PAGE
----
The ad for today’s Nice Price or No Dice Fiat 124 shows it sitting up to its hubcaps in a half-grave of dirt and weeds. That’s no way for a desirable Italian sports car to spend its days, which means we’ll have to decide its fate and maybe its freedom.
I recently learned that baby goat yoga is a thing. It’s not actually yoga for goats, but people yoga that takes place surrounded by the cute little buggers. I didn’t agree to participate but my wife did, and she claimed to have a good time. Different strokes for different folks, I guess.
One thing I think we all can agree on is the universal appeal of a traditional midsize station wagon with three rows of seats and, preferably, brown paint. Yesterday’s 1990 Mercedes-Benz 300TE checked those boxes and was an all-weather 4Matic to boot. At $4,500 its price proved equally agreeable, earning the car a solid 67 percent Nice Price win.
I have a question for you: Just how much of a car or truck do you have to see before deciding whether to buy it? I ask that because a good bit of today’s Fiat Spider is concealed by Mother Earth. And while it may be protected in her warm, cosseting bosom of fertile soil, she also might just be hiding some serious issues below the surface.
Questions abound with this 124 Spider. Why is it sitting half-buried on a hillside? How long has it been there? What actually is going on down in gopher town? Unfortunately for us, the ad isn’t all that helpful. The seller notes buying the car 20 years ago and last ran it a decade later.
A few things are obvious from the pictures. First off, while it’s described as a 1978, it wears ’74 model year bumpers, body-mounted front turn signals, and push-button door latches. Should it actually be a ’74, the title transfer will be much simpler since a smog test would not be required (in California, at least).
Other clues to the car’s history include an oddly flaccid convertible top, indicating the failure of one or more of the roof bows beneath. There’s also some surface rust popping through in places that should be noted. This is a Fiat from the ’70s so the rust is to be expected.
Not so expected are the mounds of dirt that circle the car and reach up to mid- hubcap level on three sides, though the soil doesn’t appear to actually bury the car. What it seems is that the owner, or some kind-hearted passerby, has created a trough on either side of the car to channel rainwater around the undercarriage rather than beneath it. Considering that the car is presently sitting in Southern California, which is generally drier than a Prohibition-era fart, that’s probably overkill. But one can never be too safe.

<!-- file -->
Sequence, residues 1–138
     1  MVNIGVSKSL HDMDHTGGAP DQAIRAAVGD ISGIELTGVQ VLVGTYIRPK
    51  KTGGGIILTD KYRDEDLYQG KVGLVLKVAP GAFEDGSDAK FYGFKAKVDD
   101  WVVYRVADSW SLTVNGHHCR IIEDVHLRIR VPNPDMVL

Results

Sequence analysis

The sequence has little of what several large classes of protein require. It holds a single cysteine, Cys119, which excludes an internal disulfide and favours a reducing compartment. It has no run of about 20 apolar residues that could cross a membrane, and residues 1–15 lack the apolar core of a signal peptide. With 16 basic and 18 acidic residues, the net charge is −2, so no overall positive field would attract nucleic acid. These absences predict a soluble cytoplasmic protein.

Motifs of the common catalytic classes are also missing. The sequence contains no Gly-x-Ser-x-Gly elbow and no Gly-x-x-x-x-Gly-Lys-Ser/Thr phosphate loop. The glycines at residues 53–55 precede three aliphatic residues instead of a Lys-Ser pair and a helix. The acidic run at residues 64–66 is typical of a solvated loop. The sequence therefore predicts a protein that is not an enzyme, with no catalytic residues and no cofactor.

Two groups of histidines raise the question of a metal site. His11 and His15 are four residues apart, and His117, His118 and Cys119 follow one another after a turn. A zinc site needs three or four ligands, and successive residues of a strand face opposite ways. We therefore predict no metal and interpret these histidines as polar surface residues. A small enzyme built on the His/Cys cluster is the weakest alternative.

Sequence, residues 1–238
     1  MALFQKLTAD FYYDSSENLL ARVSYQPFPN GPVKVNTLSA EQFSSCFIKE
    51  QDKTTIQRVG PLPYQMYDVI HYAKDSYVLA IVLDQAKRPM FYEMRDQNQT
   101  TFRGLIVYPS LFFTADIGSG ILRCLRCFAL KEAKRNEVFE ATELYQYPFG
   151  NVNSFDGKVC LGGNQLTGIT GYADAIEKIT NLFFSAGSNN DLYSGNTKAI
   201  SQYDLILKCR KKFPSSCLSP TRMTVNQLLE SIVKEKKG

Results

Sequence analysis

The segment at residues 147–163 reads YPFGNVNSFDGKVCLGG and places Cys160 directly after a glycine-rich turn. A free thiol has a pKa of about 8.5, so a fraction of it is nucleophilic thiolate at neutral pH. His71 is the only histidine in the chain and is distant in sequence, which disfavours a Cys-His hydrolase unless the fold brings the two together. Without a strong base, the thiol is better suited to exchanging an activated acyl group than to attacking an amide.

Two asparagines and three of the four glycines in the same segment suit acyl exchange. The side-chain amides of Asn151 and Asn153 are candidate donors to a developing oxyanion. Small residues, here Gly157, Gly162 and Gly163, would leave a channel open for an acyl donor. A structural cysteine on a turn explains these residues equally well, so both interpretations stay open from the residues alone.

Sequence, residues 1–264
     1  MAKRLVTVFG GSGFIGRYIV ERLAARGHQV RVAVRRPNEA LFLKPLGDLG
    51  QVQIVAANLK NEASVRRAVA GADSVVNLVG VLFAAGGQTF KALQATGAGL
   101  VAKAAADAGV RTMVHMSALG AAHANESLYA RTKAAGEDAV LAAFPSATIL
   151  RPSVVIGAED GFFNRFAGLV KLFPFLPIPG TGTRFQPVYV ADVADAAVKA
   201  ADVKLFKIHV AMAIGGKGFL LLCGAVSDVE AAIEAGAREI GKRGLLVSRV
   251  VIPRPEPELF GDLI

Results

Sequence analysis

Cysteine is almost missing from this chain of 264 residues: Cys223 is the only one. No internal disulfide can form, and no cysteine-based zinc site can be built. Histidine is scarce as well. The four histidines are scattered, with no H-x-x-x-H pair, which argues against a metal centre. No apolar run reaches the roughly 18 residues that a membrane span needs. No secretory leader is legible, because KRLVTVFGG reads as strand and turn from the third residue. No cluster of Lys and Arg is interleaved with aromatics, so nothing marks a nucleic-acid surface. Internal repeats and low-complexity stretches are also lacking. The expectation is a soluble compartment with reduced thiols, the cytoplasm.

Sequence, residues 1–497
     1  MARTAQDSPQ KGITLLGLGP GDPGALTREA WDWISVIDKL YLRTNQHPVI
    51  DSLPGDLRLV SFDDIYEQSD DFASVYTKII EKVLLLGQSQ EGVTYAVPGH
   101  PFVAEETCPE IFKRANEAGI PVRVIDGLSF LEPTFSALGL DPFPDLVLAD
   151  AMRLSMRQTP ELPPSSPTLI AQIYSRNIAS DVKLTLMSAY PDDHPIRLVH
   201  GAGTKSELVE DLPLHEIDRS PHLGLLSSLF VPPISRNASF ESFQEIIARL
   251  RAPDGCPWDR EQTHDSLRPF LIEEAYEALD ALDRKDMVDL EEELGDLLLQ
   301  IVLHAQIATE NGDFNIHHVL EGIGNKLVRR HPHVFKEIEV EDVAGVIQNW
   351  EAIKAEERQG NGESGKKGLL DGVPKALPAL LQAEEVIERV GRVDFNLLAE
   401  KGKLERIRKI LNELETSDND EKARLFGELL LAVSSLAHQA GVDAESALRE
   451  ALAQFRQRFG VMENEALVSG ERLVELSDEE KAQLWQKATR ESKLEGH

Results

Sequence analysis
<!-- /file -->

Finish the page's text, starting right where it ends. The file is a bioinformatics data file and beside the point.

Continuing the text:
On the plus side, the car appears to be complete on the outside, including a luggage rack on the trunk lid and all four hubcaps. All four tires are holding air, and all the glass seems to be intact. The seller says that pictures of the interior are forthcoming. Perhaps there were rattlesnakes surrounding the car that prevented closer pics initially?
From what we can see through the windows, there are seats and a steering wheel. That’s all we really need, right? Mileage is claimed to be 90,000 and the car has a clear title — and amazingly, a CarFax. One hopes the seller has kept it on Non-Operative status with the DMV so that any new owner won’t be hit with a ton of back registration fees.
The car is being sold “as is” and from the pictures, this is one of the strangest states of as-is-dom I’ve ever encountered. There’s no word on what it might take to get the car out of the dirt and on the road again, nor what might have been done to it since it last felt solid asphalt under its tires. Yes, you are right — this car does appear to be quite the crapshoot.
What might such an odd a roll of the dice be worth? The seller is asking $2,000 from someone who wishes to drag this lawn art off to a new home. That’s about a quarter of what a modestly decent-driving 124 Spider might cost. And while these Fiats will never be big-money cars, they should at least be able to hold value. That makes any purchase a safe bet as long as the car in question isn’t a money pit.
This one is in a literal pit, and it’s now your job to decide if it’s worth $2,000 to extract and return to the road. What do you say, could this dirt-bound Fiat command that much cash? Or, for that price, would you just let it rest in peace?
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